Unless YOU provide the buyer with seller financing, you will not need a promissory note. The promissory note is a document used to outline the terms and conditions under which a lender has agreed to loan money. Whether the lender is a mortgage company, a bank, or the homeowner makes no difference. All three will require that a promissory note be fully executed. Notes may be either secured or unsecured. If the note is secured, that means there is some type of physical asset being held as collateral. Most of the time, the collateral given is the property or item that the note is made against. In the case of real estate, the collateral is most likely to be the property for which the note is being made. However, it doesn’t have to be. It could be anything else the borrower has that may be of some worth or value to the seller. It could be a boat; it could be a car; or it could be a vacant lot or other real property. If the note is unsecured, that means there is no collateral being used to secure the note. The seller or lender is accepting on good faith that the borrower will have the ability to repay the loan. Usually that good faith is supported by the borrower’s proven credit history, which has demonstrated in the past the ability to repay a loan or other financial obligation.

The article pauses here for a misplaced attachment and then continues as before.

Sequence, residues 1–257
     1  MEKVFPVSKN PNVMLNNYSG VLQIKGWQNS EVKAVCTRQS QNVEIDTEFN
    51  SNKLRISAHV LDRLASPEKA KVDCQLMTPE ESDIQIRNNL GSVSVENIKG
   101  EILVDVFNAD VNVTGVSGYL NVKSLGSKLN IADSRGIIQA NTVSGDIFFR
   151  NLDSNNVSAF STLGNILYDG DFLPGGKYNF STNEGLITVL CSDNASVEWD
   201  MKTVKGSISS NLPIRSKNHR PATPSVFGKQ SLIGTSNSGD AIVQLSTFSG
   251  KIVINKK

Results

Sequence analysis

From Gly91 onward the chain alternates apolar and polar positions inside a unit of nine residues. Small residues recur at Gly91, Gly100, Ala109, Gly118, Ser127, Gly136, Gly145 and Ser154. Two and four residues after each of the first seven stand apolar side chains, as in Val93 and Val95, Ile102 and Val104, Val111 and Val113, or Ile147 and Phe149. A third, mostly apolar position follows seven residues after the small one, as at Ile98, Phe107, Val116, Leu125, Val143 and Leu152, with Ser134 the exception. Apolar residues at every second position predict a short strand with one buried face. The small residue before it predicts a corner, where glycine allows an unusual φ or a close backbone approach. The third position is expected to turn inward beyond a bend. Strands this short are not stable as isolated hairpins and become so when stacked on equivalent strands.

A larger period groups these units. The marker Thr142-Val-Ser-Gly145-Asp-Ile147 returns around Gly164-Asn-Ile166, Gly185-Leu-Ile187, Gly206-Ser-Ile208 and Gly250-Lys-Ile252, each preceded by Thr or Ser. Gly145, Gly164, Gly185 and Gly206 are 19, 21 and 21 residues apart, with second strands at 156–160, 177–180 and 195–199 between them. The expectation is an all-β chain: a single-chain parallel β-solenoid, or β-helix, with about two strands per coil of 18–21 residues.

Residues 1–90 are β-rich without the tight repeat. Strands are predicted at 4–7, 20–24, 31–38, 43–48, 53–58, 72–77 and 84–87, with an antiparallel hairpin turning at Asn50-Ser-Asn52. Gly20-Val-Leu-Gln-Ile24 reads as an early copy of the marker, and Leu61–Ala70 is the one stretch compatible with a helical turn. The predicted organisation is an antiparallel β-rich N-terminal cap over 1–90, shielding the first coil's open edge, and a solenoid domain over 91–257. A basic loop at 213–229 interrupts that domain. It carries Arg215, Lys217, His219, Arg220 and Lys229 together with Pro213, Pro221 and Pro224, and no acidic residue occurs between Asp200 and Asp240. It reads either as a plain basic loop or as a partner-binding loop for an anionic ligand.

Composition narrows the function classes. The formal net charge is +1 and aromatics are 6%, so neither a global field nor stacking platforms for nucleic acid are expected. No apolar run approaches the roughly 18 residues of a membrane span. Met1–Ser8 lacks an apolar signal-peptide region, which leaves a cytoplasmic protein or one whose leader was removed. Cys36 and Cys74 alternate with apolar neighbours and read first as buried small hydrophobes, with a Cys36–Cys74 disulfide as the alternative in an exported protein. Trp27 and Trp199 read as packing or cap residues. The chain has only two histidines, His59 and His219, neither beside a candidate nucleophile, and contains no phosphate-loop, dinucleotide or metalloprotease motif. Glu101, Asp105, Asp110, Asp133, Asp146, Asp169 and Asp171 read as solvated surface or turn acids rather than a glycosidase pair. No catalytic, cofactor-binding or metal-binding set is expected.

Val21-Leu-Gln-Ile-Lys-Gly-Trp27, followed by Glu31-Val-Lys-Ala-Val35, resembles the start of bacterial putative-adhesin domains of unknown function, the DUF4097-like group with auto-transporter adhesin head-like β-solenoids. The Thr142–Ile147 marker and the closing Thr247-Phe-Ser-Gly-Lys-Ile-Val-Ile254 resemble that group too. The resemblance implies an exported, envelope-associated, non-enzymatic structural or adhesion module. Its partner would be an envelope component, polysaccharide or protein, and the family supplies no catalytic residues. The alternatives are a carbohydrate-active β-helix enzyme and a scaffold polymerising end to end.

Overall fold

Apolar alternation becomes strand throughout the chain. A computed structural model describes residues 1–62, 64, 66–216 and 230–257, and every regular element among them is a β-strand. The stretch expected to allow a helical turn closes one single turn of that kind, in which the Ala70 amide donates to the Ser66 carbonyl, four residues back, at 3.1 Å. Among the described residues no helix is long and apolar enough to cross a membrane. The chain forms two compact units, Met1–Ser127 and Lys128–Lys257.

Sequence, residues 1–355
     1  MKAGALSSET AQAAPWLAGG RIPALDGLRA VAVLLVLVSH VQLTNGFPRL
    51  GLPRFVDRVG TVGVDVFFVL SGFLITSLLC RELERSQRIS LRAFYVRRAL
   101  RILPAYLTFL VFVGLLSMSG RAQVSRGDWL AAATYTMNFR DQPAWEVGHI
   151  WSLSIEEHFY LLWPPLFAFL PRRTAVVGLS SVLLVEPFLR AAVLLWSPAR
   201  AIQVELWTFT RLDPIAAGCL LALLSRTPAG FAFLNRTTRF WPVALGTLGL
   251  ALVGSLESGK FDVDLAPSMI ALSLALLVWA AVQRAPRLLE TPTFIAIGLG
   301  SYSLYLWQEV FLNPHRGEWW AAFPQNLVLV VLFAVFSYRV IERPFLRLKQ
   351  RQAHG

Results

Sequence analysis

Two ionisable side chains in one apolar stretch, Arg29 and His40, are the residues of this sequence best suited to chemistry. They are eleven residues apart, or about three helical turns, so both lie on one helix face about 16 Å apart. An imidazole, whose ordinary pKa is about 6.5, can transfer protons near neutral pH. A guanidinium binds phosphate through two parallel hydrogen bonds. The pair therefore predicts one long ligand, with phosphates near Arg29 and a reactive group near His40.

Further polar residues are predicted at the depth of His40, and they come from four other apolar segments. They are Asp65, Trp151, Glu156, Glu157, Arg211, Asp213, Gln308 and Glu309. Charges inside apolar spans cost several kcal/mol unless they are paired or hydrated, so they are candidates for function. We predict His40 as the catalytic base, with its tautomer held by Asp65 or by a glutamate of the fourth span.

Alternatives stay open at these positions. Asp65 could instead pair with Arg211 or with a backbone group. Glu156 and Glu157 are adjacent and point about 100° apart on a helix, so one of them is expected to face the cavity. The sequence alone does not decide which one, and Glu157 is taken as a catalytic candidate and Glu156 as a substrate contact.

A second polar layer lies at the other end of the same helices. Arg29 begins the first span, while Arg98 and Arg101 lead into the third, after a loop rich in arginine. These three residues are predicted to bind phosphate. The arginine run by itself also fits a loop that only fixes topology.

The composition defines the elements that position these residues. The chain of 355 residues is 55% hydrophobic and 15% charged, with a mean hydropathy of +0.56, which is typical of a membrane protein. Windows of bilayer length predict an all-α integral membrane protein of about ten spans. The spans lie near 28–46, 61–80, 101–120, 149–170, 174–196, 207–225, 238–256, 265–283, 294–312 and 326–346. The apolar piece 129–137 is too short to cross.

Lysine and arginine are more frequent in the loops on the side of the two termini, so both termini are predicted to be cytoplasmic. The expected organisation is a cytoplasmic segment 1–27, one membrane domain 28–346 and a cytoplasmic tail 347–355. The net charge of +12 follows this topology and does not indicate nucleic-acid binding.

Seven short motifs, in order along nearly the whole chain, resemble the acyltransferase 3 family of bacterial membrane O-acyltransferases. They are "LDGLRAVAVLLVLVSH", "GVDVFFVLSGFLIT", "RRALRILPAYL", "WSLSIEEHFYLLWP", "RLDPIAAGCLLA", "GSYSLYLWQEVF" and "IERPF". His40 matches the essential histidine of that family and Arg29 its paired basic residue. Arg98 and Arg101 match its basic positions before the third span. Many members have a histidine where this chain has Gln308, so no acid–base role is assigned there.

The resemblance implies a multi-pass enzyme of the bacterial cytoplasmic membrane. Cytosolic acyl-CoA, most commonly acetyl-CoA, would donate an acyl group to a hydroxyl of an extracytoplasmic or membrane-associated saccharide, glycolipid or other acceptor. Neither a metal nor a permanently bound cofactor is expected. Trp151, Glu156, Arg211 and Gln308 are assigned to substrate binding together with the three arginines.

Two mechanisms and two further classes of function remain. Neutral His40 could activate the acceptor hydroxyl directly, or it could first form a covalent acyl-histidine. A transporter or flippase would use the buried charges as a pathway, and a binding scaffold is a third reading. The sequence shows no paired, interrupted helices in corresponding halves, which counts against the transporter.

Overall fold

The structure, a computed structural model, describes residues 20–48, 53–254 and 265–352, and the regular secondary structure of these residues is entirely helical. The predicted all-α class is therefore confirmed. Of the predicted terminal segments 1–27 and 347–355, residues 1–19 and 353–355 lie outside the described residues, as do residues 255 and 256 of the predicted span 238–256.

The promissory note also contains provisions for the repayment terms stipulated in the note. These include the amount of the loan, the interest rate and amortization or repayment period, and any prepayment penalties that may be imposed for paying off the note prematurely. In addition, the note may contain an acceleration clause which would necessitate the note’s being repaid immediately should certain conditions, such as the transfer of ownership to another party, arise. Finally, other lender requirements that may also be included in a promissory note are escrow provisions for taxes and insurance, minimum insurance amounts, the standard of care for property condition, a due-on-sale clause, and default provisions.
The Notice of Termination Contract is one form that, hopefully, you will not need. The form is self-explanatory in that it provides the buyer with the means to cancel or terminate the sales contract. The Notice of Termination does not grant buyers the right to terminate without just cause. The buyer can only terminate for legitimate reasons as set forth in the sales agreement, such as not being able to qualify for financing. While you probably will not need this form to sell your house, it is a good idea to be aware of it in the event that your buyer terminates his or her agreement with you.